Poor Will’s Almanack for the third week of Early Spring.
This week opens the season of early bulbs even in the coldest years. The very earliest bulbs, of course, the snowdrops the snow crocus and the aconites, have already bloomed in the sunniest microclimates. Now it is time for the larger, brighter standard crocus and the small spring iris, the iris reticulata to flower.
When one thing happens, something else is always happening, too. The flowering of those bulbs bears witness to the blossoming of silver maples and the red maples along city streets, the blooming of weedy henbit in the garden, the increasing flow of maple sap, the full emergence of pussy willows, the appearance of woolly bear caterpillars, the full bloom of the pure snow trillium along the rivers, the final bloom of skunk cabbage, the mating songs of red-winged blackbirds in the swamp, the time of pairing up for ducks and geese, the time for killdeer and woodcocks to arrive from the South, and for juncos to depart for the North.
When the early bulbs come in, clover grows back in the pastures and nettle tops are big enough for supper greens; celandine and garlic mustard and sweet rocket grow bushy in the alleys; violet leaves and horseradish leaves sprout in the garden. Honeysuckle leaves unravel on the branches closest to the ground. Buds lengthen and brighten on multiflora roses, mock orange, and lilac. Bleeding heart foliage pushes up from the mulch, and day lily leaves can be as tall as crows. Buds on the daffodils foretell the next season of flowering bulbs and the deepening of Early Spring. Walleye, bass and bluegills have begun to feed, and earthworms breed in the warming rains.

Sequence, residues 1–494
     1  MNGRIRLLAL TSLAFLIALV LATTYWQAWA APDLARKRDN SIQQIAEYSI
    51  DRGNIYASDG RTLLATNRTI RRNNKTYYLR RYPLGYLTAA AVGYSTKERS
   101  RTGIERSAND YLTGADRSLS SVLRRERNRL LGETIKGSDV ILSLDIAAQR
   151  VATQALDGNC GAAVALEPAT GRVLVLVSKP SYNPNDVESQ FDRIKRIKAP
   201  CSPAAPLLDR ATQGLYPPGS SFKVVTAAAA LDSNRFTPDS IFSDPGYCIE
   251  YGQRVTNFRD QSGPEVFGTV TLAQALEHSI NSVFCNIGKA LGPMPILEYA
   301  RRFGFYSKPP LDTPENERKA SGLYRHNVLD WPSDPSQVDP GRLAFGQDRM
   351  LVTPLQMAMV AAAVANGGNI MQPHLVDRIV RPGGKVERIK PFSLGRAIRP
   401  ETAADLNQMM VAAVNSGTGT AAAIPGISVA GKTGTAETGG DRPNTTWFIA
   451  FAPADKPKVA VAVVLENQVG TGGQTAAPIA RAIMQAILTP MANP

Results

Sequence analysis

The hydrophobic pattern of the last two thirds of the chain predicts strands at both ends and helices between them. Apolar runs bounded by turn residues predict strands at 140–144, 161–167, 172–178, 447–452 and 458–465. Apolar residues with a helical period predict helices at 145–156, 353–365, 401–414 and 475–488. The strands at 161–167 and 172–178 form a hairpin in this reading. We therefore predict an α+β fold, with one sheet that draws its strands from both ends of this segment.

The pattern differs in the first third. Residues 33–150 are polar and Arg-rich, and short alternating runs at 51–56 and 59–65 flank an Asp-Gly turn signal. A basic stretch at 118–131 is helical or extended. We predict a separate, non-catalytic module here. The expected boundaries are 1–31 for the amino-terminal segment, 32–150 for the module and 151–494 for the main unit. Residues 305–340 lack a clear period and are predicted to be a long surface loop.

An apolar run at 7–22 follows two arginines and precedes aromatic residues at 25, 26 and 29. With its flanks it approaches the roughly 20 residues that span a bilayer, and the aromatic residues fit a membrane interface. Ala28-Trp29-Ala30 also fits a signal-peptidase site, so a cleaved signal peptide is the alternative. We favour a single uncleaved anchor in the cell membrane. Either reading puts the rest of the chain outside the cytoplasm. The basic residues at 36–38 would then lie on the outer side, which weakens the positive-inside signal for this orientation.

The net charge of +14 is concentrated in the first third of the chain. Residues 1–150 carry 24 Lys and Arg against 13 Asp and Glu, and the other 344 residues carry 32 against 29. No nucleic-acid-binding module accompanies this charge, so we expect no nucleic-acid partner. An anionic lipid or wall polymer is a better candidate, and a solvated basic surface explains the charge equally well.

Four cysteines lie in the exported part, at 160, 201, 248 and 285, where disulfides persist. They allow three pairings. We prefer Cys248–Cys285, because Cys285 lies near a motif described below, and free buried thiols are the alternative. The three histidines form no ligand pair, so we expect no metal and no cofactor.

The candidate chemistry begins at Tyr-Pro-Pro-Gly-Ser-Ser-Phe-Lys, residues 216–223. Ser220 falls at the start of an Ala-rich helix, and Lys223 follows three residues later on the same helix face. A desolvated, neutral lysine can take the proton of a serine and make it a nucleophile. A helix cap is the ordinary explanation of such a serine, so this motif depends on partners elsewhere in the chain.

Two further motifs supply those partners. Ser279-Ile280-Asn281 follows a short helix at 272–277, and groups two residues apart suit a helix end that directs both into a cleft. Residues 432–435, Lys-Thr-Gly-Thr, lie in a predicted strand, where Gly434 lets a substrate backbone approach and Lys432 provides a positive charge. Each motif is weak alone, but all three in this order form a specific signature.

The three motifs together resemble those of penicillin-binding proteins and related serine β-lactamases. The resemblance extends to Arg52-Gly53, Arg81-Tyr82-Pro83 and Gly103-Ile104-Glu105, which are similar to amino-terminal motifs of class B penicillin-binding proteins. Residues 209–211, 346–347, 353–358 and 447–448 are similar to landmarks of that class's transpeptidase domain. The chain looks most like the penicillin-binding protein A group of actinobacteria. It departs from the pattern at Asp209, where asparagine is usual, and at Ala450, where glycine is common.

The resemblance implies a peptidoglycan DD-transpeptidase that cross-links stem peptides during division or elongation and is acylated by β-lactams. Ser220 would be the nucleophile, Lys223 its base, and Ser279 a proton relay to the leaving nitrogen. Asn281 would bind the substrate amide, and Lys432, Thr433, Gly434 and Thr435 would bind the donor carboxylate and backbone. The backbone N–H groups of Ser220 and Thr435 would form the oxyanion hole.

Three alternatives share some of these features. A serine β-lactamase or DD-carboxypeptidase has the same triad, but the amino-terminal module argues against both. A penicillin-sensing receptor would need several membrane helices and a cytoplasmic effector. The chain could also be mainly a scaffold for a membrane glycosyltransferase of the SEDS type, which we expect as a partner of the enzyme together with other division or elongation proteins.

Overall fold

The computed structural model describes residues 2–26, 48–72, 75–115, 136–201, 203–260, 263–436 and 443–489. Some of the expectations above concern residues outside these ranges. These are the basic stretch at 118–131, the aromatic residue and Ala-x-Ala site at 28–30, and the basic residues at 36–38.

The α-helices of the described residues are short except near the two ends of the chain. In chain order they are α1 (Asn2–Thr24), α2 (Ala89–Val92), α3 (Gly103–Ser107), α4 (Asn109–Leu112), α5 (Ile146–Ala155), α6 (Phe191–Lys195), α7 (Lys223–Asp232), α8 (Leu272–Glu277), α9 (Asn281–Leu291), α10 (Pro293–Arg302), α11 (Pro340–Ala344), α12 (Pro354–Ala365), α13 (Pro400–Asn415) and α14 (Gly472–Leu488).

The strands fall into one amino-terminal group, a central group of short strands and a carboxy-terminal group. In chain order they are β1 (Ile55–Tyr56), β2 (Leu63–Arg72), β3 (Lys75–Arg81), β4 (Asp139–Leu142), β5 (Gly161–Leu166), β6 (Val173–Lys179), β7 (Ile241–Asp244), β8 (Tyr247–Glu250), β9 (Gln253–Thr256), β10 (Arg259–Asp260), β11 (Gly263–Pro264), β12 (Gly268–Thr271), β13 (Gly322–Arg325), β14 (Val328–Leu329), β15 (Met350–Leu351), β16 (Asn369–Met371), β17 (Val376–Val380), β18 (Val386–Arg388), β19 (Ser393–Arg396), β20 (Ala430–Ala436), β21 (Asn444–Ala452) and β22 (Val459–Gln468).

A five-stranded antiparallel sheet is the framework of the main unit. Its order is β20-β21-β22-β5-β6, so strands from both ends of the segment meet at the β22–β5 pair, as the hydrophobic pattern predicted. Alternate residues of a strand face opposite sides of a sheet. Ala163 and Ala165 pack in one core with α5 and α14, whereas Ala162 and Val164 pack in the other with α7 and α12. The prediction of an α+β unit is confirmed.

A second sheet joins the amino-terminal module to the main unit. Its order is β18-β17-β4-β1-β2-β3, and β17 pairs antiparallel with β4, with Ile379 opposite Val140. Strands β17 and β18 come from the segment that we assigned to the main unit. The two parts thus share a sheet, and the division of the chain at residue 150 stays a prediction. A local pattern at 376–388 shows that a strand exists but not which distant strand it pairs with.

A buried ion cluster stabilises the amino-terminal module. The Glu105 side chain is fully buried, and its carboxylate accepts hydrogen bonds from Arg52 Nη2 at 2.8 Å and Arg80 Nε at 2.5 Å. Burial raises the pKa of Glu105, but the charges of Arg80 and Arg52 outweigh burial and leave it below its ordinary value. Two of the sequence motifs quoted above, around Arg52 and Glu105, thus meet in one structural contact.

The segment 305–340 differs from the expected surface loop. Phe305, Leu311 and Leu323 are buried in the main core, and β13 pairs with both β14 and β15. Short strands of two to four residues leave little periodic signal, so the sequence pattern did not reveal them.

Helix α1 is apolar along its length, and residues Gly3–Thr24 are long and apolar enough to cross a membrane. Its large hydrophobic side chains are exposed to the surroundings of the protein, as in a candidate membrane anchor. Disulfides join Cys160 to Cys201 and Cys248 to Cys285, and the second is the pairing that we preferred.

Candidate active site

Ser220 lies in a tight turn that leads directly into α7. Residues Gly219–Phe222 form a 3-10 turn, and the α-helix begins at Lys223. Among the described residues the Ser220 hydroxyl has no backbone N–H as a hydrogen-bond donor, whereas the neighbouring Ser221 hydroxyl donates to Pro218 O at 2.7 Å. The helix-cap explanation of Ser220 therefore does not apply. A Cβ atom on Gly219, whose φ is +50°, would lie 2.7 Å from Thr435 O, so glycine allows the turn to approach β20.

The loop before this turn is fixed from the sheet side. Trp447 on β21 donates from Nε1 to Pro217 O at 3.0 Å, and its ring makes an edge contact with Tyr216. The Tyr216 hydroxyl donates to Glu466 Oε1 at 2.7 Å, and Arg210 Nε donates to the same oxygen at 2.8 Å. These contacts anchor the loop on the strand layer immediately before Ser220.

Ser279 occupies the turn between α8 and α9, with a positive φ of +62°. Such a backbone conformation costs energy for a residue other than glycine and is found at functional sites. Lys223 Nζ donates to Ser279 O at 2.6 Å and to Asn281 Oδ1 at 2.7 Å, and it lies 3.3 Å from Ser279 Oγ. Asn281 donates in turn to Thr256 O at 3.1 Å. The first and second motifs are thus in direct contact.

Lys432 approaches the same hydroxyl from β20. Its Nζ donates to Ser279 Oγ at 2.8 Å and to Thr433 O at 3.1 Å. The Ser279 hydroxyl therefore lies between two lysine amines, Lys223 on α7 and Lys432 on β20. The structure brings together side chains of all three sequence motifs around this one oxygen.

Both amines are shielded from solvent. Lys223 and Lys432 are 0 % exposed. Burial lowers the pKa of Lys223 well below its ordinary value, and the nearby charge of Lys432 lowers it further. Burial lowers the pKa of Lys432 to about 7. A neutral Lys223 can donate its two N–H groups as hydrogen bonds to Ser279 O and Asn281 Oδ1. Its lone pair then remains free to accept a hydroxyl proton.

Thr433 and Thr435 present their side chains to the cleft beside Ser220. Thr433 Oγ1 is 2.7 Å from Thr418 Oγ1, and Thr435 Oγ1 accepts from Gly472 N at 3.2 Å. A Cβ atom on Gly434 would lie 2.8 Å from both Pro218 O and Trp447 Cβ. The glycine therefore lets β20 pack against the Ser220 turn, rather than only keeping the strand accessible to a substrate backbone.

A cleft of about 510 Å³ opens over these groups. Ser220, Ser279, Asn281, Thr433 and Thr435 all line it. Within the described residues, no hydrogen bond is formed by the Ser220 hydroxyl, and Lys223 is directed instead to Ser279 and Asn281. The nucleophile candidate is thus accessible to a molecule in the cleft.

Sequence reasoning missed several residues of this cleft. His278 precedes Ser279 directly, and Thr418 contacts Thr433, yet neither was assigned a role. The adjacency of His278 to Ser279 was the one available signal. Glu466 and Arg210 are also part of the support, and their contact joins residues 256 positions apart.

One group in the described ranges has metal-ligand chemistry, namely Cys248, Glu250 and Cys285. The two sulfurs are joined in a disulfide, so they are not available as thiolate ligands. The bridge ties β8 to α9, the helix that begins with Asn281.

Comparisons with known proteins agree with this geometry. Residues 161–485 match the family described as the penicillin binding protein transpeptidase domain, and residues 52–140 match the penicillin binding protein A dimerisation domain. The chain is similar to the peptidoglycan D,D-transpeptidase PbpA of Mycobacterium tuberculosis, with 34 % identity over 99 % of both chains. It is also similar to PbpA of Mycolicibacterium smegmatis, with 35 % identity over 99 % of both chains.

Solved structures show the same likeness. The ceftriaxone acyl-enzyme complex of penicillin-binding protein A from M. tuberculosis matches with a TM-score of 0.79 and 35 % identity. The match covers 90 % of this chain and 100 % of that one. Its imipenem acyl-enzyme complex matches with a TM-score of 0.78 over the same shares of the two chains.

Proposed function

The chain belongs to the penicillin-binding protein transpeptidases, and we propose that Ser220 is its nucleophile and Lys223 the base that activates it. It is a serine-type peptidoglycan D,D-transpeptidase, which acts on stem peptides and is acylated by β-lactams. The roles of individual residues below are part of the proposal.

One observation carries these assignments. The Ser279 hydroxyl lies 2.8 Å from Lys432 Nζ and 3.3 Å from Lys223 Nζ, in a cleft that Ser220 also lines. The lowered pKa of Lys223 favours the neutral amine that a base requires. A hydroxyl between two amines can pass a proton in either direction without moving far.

I’ll be back again next week with notes for the fourth week of early spring. In the meantime, look for daffodils, a golden banner of the next phase of the year.